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Saturday, June 5, 2010

Massachusetts bank exec jailed in embezzlement case

A former executive with Seamen's Bank in Provincetown will spend a year in jail after pleading guilty yesterday to embezzling $179,000, allegedly to help her mother.

A tearful and wan Kathleen Morris, 34, of Truro entered guilty pleas yesterday in Barnstable Superior Court to five charges related to the theft.
The charges included larceny over $250 by a single scheme and embezzlement from a bank. There were also 15 counts each of obtaining credit of $250 or more by false financial statements, forgery of a promissory note endorsement and uttering promissory note falsely endorsed.
The bank embezzlement charge held the stiffest potential penalty, 15 years in state prison.
Morris's full sentence, which mirrored what was sought by Cape and Islands First Assistant District Attorney Michael Trudeau, is 2½ years in a house of correction with one year to be served, five years of probation, continued psychiatric counseling and full restitution to Seamen's Bank.
Her attorney, Steven DeYoung of Hyannis had agreed to the probation and restitution, but wanted Morris to be confined at home rather than go to jail.
Trudeau said the state considered leniency in Morris's sentence because she had no prior criminal record.
Morris, who had worked for the bank for 12 years and was a commercial lending vice-president, created 15 false loan applications from 2007 to 2009 in the names of friends and family members, including her mother Jean Bodman. In her position, she was able to approve loans that were under $50,000 without further bank review. The loan applications were made between 2007 and 2009, and the payouts were deposited into accounts that Morriscontrolled, according to court statements.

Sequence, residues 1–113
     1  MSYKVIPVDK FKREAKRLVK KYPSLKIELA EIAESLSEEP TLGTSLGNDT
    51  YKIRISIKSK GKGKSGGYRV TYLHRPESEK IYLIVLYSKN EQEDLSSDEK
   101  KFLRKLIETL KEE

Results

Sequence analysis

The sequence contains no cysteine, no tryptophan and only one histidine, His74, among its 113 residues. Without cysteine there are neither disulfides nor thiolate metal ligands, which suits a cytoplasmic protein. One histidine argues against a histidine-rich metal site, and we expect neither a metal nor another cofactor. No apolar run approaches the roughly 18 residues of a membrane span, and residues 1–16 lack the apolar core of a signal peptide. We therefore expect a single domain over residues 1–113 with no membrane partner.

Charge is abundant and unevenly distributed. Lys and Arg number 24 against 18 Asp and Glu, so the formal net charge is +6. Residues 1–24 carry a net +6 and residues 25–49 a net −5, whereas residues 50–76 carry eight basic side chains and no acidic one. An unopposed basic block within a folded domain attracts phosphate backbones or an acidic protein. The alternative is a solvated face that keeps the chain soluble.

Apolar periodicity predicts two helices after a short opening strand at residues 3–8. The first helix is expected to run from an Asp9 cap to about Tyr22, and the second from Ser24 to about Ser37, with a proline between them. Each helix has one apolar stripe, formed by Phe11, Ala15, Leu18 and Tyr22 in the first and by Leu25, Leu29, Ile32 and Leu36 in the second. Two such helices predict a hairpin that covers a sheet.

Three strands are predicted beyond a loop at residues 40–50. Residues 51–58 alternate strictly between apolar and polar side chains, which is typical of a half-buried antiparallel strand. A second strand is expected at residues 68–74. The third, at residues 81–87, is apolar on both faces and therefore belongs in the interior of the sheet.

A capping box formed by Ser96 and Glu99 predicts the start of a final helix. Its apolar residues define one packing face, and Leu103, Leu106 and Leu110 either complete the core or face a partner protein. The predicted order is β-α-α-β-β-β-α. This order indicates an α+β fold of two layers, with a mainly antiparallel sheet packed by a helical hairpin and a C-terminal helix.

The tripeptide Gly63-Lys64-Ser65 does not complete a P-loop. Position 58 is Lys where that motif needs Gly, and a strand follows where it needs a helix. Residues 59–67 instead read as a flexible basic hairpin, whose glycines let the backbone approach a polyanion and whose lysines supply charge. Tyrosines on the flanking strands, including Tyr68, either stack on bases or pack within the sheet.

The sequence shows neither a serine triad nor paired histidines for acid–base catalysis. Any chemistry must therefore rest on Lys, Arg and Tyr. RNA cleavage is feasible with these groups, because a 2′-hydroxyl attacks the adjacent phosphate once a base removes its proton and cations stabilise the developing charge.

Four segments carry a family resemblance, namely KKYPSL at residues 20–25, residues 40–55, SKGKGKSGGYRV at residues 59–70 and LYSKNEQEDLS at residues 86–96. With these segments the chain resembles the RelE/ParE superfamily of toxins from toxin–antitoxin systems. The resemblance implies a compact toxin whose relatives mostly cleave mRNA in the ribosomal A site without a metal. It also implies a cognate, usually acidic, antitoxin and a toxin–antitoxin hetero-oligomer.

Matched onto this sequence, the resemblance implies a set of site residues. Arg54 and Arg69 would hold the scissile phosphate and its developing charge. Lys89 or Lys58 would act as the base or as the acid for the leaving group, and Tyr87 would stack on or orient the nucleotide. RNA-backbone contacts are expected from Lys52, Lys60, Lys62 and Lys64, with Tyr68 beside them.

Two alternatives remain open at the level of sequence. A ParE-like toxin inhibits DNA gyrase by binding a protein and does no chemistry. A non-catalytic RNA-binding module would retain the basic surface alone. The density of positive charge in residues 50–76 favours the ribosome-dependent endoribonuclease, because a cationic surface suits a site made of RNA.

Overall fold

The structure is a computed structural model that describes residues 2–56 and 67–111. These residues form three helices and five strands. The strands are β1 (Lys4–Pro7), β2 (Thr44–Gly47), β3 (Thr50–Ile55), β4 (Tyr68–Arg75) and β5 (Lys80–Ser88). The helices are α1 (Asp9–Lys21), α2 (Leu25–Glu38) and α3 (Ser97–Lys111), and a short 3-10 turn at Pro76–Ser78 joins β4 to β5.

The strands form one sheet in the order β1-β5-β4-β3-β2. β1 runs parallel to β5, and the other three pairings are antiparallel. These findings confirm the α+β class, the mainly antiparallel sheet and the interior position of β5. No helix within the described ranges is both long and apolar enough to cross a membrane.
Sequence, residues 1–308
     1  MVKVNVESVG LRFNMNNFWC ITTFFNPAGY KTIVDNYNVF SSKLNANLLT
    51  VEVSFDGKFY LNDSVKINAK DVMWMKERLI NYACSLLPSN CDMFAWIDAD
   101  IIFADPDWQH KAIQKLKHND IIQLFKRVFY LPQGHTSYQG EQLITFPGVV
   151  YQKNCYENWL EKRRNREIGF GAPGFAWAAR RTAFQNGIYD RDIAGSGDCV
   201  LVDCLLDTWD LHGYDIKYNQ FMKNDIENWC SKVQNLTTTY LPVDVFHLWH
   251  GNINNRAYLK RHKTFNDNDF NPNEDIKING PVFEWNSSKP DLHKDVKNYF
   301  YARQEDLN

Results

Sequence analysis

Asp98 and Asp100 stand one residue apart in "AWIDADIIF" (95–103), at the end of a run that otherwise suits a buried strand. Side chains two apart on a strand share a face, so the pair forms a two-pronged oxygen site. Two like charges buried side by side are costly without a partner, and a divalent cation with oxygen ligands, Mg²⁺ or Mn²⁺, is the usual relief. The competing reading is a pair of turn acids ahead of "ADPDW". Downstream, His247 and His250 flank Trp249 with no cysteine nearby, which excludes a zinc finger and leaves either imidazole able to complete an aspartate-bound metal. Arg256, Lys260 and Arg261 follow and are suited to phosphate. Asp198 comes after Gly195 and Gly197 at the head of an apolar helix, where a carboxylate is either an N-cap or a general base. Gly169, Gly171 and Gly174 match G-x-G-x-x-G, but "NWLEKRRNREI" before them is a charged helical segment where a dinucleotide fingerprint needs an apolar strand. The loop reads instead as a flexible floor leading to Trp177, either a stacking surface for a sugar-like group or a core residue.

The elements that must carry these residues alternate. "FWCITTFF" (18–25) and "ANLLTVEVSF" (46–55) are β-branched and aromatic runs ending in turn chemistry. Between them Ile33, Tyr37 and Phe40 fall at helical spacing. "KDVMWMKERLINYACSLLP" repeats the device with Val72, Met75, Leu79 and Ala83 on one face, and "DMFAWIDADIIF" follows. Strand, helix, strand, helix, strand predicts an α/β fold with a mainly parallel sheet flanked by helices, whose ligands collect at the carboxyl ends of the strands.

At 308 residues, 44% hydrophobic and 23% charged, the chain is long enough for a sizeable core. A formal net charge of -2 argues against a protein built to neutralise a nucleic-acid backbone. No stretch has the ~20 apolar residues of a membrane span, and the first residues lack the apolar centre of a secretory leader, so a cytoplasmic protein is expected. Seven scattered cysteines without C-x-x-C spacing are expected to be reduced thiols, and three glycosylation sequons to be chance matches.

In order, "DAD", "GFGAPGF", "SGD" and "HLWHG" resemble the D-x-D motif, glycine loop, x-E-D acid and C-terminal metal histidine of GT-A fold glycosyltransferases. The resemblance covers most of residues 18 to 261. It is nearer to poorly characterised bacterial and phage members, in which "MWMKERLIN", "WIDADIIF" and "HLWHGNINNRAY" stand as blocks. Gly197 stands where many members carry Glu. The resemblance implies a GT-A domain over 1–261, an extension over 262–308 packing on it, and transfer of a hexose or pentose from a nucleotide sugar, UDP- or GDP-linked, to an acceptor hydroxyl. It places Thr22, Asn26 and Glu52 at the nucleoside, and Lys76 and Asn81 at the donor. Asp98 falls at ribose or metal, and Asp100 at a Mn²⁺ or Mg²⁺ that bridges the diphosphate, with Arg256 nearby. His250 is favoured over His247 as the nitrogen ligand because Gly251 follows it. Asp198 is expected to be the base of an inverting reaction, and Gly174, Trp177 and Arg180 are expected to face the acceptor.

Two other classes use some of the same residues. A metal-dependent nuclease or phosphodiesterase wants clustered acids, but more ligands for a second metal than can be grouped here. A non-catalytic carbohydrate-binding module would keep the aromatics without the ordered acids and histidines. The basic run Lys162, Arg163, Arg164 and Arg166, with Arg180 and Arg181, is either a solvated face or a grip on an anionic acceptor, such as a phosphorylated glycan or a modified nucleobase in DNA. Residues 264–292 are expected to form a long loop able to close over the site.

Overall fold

The scheme was discovered during a routine bank audit after loan applicants received a letter in the mail asking them to confirm their loan, according to court statements. One person contacted that bank to say there was no loan. After conducting an internal investigation, Seamen's president John Roderick, contacted the state police.
Morris took the money because her mother had been victimized financially by a sibling who suffers from drug dependency, said DeYoung in court. "That started a process that got carried away." .
Just prior to sentencing yesterday, DeYoung tried to paint an image of Morris as an altruist new mother and career banker — "a very atypical criminal" — who suffered from depression, battled a weakened resolve and worried about her family.
Judge Gary Nickerson warned DeYoung, however, against painting too rosy a picture given some of the purchases evident in Morris's financial records.
"There was a Caribbean cruise," Nickerson said. "There are motor vehicles."
Yesterday, Morris signed a note that was handed to a representative of the Federal Deposit Insurance Corporation at the court house, confirming a "lifetime ban" for work in the financial industry. She may face civil penalties from the federal agency, according to comments made in court.
She was handcuffed at around 2:30 p.m. and led from the courtroom as family members watched, including her husband, Keith.
Keith Morris has obtained a loan against the family's primary residence at 5A Snows Road in Truro to repay Seamen's $154,000, the sum covered by the bank's insurance, according to statements made in court. A refinancing of the loan will raise the final $25,000 that Seamen's had to pay out as a deductible.

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